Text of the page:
Ex-city cop convicted of murder plot wants revenge on witness
BY KIM JANSSEN Federal Courts Reporter March 31, 2014 12:18PM
Steve Mandell (left) leaves the Dirksen Federal Building in 2005 with his attorney Jon Loevy. | Sun-Times file photo
Updated: May 2, 2014 6:15AM
Former Chicago cop Steve Mandell might never again taste freedom after his recent conviction for plotting to torture and kill a kidnap victim in a purpose-built torture chamber.
Now, he wants revenge on the key government witness who helped put him behind bars.
From his cell at the downtown Metropolitan Correctional Center, Mandell, 62, has been writing poison-pen letters to police and prosecutors, urging them to investigate George Michael, the North Shore real estate mogul who wore a wire against him, court papers state.
In four letters — all apparently written and mailed since his February conviction for the grisly murder scheme — Mandell shares his “deeply held conviction that George Michael has been involved in numerous criminal activities that should be the subject of investigations by law enforcement,” Mandell’s lawyers wrote in a court filing.
Mandell, whose wild criminal career began while he was a Chicago cop in the 1970s, was convicted at the end of a sensational two-week trial of plotting to kidnap, torture and extort, then kill wealthy Riverside businessman Steve Campbell.
The case turned on evidence Michael risked his life to help the FBI collect — conversations Michael secretly recorded, and damning video footage from a hidden camera inside the torture chamber Michael helped Mandell select and build.
Testifying during the trial, Mandell didn’t hide his contempt for Michael, admitting he’d called him a “cheese-eating rat.”
Filed late Friday, the new court filing by his attorneys, Keith Spielfogel and Robert Loeb, is an attempt to have Mandell released from solitary confinement.
Mandell, who has bounced in and out of solitary since his October 2012 arrest, was sent back into isolation two weeks ago after prosecutors alleged he violated a court order in one of the four letters he wrote.
His attorneys dispute that, claiming the U.S. Attorney’s office was wrong to have Mandell taken from the jail’s general population rather than rely on the judgement of Bureau of Prison staff “who are with the defendant on a 24-hour-a-day basis, seven days a week, and who best know whether he is a security risk.”
Three of Mandell’s letters were sent to the state’s attorneys in Cook and Lake counties, and to the Skokie Police; the filing does not indicate where the fourth was sent.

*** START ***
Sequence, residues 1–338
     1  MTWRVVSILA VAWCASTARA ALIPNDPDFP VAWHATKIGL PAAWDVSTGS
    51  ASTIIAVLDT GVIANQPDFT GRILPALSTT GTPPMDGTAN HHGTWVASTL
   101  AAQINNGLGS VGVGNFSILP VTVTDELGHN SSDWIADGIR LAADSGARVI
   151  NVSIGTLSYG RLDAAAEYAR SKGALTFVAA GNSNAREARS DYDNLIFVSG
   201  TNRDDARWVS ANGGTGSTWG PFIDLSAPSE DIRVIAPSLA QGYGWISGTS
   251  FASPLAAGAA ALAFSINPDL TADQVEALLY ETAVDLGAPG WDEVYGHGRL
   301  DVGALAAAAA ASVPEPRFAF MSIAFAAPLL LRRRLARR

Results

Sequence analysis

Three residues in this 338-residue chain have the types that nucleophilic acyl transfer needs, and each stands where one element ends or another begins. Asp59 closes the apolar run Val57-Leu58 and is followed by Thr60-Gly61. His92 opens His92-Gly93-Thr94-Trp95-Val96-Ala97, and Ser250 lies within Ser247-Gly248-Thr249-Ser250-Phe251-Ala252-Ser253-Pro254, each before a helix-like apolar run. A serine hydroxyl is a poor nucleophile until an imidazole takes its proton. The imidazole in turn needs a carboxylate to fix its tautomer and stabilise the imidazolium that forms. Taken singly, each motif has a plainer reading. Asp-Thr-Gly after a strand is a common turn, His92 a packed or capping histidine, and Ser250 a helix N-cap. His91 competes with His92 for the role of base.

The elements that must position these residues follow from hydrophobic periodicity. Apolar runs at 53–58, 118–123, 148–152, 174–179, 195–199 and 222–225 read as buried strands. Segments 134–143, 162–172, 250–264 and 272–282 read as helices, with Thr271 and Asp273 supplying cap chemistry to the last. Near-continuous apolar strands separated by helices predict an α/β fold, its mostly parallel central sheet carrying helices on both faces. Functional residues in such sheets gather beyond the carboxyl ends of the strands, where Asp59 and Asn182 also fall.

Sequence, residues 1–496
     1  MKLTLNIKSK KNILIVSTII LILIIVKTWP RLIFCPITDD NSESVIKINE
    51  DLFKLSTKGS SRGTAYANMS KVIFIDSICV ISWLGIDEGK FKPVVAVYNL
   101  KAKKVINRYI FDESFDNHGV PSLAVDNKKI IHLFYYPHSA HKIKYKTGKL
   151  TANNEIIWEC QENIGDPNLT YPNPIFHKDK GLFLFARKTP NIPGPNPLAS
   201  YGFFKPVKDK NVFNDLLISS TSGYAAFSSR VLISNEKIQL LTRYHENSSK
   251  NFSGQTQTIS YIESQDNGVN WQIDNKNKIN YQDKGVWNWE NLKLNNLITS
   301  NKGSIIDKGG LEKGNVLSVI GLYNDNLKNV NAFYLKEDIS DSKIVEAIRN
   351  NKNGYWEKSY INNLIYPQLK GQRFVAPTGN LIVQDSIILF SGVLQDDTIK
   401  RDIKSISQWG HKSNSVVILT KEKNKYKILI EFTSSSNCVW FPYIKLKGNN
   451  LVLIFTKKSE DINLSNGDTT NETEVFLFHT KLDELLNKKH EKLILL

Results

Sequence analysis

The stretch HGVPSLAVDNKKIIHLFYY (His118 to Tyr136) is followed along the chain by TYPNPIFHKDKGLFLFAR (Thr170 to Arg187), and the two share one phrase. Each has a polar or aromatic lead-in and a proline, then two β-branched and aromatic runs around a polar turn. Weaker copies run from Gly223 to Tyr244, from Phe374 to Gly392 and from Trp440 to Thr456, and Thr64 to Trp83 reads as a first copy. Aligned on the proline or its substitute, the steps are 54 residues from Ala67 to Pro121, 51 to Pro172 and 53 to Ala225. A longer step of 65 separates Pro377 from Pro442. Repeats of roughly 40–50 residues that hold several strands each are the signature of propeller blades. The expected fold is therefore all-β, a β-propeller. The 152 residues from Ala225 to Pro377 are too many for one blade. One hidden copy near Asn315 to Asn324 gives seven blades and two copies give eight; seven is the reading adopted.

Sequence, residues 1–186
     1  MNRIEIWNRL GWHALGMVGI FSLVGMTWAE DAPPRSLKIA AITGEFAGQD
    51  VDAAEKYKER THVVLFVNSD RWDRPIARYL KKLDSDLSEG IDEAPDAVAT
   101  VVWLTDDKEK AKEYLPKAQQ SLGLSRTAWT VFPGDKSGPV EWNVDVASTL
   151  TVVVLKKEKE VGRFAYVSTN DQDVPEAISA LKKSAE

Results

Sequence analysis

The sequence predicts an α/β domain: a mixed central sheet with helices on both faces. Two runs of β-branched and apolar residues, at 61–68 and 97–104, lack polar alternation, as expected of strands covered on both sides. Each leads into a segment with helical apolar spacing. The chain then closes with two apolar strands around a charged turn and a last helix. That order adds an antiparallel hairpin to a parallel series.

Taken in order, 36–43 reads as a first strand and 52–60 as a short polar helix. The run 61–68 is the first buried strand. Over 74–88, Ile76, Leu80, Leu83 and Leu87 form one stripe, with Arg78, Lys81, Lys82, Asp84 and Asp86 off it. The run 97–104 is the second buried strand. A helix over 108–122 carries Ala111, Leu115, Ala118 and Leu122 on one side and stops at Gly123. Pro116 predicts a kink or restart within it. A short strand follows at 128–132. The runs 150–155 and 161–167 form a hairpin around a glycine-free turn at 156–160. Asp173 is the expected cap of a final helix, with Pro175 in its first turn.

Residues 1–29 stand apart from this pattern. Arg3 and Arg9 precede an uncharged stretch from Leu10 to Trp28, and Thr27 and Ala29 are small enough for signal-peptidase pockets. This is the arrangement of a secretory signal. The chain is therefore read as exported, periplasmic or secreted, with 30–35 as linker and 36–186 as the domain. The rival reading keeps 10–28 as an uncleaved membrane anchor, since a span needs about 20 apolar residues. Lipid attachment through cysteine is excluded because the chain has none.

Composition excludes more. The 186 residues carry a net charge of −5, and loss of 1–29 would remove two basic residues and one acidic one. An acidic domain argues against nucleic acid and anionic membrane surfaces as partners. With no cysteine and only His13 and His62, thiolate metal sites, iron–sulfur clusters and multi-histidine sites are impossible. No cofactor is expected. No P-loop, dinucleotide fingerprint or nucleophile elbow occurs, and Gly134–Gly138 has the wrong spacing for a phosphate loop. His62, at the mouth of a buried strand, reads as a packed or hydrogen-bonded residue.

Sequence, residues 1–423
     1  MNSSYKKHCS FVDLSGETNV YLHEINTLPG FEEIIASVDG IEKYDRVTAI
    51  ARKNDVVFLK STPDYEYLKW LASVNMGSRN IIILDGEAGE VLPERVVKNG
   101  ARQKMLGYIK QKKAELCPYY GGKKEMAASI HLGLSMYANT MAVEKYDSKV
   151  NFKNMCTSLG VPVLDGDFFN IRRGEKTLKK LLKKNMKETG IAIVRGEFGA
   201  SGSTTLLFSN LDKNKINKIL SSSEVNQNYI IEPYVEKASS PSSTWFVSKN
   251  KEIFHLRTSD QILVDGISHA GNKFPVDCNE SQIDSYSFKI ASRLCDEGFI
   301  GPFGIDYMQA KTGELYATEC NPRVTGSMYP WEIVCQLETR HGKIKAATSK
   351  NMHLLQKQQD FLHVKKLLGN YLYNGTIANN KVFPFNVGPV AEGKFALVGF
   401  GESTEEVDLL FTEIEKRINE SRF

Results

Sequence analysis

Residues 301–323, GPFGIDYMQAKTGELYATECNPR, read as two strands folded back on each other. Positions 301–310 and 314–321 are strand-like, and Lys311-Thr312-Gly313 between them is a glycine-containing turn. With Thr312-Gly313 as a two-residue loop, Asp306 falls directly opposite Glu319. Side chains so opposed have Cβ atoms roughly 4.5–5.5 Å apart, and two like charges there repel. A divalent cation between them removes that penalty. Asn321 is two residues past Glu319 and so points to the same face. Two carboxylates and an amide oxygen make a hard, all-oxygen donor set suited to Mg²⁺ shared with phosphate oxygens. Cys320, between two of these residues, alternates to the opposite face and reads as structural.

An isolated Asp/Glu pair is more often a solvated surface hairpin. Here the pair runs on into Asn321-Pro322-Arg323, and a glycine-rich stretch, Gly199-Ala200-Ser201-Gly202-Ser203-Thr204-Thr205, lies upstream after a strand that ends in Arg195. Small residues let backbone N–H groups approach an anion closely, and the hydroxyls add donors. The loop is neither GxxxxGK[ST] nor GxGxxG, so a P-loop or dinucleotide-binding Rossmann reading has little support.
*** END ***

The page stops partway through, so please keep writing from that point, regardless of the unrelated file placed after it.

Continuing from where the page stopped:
None of the law enforcement agencies commented on the letters Monday.
But contacted by email, Michael wrote that he believes the letters accuse him of buying the Ford Crown Victoria used in the plot, and of “initiating” the idea to use GPS trackers on potential kidnap victims’ cars.
“I don’t break laws and commit criminal acts,” Michael wrote.
Mandell’s allegations against Michael during the trial went further than the purchase of a police cruiser and electronics, however.
His attorneys repeatedly focused during the trial on Michael’s colorful background, including how he once disguised his Lake Bluff mansion as a church to avoid taxes and how he was booted out of the banking industry by regulators.
And despite Mandell’s conviction of the plot to torture and kill Campbell, he was cleared of a second plot to kidnap and kill Bridgeview strip-club owner Tony Quaranta, which Spielfogel argued was Michael’s brainchild.
Michael fought a long, unsuccessful legal battle to seize control of Quaranta’s Polekatz strip club, which has alleged mob ties.
According to prosecutors, Mandell’s latest letters aren’t his first alleged attempt to get back at Michael. After being temporarily released from solitary confinement last year, he within days allegedly tried to recruit the Latin Kings street gang to assassinate Michael.
Mandell, who was sent to Death Row for murder in the 1990s, only to be freed on appeal, faces a likely life sentence at a hearing scheduled for June.